How to perform deadlift

Deadlifting requires the body to pay a heavy tax — the nervous system and the skeletal system each contributes. Since the deadlift can drain the nervous system, it’s best for a beginner to train it at the beginning of a workout. A fresh nervous system means productive reps because the body more efficiently learns movement and better form is attainable. It’s also safer. As fatigue builds, form declines and the potential for injury increases. It’s best to plan deadlift training for the time period directly following your warm-up.

Deadlift is an exercise for the whole body

Don’t think of deadlift day like you would a traditional body part, like back or chest. Instead, you’ll work a number of important assistance exercises with it. When training a muscle group with deadlifts, beware of training that same muscle group the day before or the day after your deadlift workout. Proper recovery allows for gains in both strength and size.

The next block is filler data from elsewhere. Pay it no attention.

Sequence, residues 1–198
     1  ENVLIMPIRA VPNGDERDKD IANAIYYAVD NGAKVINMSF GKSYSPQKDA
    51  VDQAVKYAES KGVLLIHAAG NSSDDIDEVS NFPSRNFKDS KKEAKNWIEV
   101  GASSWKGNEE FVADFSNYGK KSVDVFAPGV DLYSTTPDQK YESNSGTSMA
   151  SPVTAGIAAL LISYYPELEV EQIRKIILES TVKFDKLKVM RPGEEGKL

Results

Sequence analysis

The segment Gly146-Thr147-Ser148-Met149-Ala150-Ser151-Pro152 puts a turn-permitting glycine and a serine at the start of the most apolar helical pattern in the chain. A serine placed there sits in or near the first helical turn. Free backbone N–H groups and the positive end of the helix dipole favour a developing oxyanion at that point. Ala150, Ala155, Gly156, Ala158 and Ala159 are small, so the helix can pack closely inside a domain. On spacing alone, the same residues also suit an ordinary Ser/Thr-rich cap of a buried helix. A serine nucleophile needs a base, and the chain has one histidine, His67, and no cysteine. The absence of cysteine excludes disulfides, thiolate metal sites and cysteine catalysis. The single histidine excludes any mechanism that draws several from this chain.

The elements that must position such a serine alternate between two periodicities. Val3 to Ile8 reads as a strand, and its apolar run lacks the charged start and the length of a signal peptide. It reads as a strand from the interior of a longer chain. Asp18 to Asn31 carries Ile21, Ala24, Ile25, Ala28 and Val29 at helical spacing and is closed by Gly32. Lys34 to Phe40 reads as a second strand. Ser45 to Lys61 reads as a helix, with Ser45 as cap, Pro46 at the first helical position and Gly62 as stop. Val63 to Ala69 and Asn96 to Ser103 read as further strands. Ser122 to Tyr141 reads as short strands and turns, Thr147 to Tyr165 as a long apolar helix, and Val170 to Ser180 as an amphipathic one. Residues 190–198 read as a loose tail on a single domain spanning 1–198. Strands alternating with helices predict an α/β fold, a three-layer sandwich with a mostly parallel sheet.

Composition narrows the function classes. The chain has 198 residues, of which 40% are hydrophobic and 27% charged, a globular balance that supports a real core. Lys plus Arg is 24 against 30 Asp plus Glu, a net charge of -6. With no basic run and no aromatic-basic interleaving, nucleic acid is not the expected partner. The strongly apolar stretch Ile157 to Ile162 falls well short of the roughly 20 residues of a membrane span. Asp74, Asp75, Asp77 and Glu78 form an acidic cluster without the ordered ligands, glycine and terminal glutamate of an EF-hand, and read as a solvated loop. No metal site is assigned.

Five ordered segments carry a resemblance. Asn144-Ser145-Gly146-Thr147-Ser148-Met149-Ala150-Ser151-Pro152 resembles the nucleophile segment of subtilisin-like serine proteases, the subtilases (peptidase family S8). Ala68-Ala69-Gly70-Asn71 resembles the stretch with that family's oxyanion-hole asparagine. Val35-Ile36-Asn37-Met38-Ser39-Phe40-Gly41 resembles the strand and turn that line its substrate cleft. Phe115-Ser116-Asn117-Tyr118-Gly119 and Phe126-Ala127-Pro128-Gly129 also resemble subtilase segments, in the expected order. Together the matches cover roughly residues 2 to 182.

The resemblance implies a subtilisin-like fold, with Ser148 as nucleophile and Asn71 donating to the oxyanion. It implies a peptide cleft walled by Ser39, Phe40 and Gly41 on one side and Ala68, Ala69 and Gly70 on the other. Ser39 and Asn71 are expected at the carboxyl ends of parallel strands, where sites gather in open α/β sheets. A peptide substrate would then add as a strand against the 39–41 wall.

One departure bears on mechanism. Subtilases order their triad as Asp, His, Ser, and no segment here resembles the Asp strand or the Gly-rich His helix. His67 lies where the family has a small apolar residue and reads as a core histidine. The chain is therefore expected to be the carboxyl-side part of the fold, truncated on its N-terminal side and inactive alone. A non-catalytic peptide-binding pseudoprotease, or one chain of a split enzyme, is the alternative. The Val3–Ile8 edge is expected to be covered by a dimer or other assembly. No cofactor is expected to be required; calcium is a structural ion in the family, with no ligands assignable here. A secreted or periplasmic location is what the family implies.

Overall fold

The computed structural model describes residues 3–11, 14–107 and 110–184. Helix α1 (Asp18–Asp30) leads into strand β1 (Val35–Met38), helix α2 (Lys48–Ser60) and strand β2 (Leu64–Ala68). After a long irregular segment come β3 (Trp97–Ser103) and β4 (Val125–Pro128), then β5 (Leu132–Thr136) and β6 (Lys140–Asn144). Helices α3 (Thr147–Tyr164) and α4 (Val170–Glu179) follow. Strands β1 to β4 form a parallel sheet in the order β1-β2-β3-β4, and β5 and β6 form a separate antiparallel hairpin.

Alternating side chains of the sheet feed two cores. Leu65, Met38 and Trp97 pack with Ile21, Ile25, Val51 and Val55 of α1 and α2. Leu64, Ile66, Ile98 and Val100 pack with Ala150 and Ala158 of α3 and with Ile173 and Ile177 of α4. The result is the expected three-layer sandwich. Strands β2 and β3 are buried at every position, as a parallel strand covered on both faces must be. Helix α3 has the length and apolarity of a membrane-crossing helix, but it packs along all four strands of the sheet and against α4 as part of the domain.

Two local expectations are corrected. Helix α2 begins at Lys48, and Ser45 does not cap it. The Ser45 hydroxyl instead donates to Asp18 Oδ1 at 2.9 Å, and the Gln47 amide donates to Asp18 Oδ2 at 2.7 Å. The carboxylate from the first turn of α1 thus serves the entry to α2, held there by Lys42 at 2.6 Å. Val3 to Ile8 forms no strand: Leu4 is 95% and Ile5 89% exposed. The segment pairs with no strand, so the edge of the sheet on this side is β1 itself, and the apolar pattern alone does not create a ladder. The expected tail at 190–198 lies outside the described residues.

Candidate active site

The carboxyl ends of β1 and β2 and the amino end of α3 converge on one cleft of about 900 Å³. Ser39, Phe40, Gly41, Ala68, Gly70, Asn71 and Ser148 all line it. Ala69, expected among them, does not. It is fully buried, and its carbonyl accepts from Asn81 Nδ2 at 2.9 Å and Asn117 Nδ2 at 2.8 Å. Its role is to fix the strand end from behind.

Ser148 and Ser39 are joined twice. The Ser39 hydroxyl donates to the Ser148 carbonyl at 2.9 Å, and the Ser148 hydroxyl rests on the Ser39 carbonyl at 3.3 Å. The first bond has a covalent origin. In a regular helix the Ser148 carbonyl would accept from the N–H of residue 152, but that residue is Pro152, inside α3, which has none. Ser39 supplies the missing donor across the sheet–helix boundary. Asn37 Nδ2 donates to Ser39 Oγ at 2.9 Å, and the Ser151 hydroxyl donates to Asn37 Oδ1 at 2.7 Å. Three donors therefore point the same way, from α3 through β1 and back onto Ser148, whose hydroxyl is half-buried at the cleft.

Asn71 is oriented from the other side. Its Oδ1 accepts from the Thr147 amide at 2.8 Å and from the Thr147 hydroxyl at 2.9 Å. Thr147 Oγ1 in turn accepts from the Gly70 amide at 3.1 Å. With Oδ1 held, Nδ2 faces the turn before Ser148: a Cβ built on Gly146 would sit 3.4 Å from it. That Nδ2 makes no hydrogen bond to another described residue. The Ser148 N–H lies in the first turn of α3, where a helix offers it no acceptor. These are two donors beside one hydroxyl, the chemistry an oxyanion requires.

Peruse YouTube and you’ll find a multitude of videos of folks doing their best one-hump camel impersonations while dragging a barbell up their legs. These well-intentioned lifters are not to be emulated. Every time you deadlift, you should be totally focused on good form. Rob Macintyre is the go-to choice for advice on deadlifting. The video above will explain in detail everything you need to know, do and not do when you want to break a one rep max plateau.

Since many beginners have mobility issues, Rob recommends to start your deadlifting career with the rack pull and gradually progress to the full-range pull. Pair mobility exercises that address the thoracic spine (upper back), hips, and ankles, since the deadlift requires sufficient mobility in all of these joints.

Good form’s main purpose is no secret: It reduces injury risk. The risk is never completely eliminated, but good deadlift form distributes the lift’s stress evenly across tissues rather than placing a destructive load on a specific area—the lower back, for example.